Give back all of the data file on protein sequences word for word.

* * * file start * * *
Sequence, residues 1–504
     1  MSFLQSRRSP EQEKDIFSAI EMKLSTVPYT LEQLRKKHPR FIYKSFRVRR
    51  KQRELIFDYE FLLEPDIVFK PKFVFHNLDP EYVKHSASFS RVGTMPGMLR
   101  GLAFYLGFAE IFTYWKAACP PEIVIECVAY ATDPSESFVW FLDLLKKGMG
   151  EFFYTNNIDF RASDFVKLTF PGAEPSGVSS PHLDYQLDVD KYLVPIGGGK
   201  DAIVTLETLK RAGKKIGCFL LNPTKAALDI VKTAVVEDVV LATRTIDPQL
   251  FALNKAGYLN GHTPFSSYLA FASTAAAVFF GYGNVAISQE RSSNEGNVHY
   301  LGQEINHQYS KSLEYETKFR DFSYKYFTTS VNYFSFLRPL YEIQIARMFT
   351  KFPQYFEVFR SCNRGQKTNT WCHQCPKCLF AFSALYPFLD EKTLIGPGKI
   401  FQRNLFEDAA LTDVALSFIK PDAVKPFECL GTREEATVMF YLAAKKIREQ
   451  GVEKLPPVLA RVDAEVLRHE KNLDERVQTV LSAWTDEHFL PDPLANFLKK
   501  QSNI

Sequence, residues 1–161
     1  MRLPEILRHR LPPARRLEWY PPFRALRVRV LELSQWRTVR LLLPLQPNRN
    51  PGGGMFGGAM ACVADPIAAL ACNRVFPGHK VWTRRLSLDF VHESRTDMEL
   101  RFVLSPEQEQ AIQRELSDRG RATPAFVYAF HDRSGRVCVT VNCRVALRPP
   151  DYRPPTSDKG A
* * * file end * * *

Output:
Sequence, residues 1–504
     1  MSFLQSRRSP EQEKDIFSAI EMKLSTVPYT LEQLRKKHPR FIYKSFRVRR
    51  KQRELIFDYE FLLEPDIVFK PKFVFHNLDP EYVKHSASFS RVGTMPGMLR
   101  GLAFYLGFAE IFTYWKAACP PEIVIECVAY ATDPSESFVW FLDLLKKGMG
   151  EFFYTNNIDF RASDFVKLTF PGAEPSGVSS PHLDYQLDVD KYLVPIGGGK
   201  DAIVTLETLK RAGKKIGCFL LNPTKAALDI VKTAVVEDVV LATRTIDPQL
   251  FALNKAGYLN GHTPFSSYLA FASTAAAVFF GYGNVAISQE RSSNEGNVHY
   301  LGQEINHQYS KSLEYETKFR DFSYKYFTTS VNYFSFLRPL YEIQIARMFT
   351  KFPQYFEVFR SCNRGQKTNT WCHQCPKCLF AFSALYPFLD EKTLIGPGKI
   401  FQRNLFEDAA LTDVALSFIK PDAVKPFECL GTREEATVMF YLAAKKIREQ
   451  GVEKLPPVLA RVDAEVLRHE KNLDERVQTV LSAWTDEHFL PDPLANFLKK
   501  QSNI

Sequence, residues 1–161
     1  MRLPEILRHR LPPARRLEWY PPFRALRVRV LELSQWRTVR LLLPLQPNRN
    51  PGGGMFGGAM ACVADPIAAL ACNRVFPGHK VWTRRLSLDF VHESRTDMEL
   101  RFVLSPEQEQ AIQRELSDRG RATPAFVYAF HDRSGRVCVT VNCRVALRPP
   151  DYRPPTSDKG A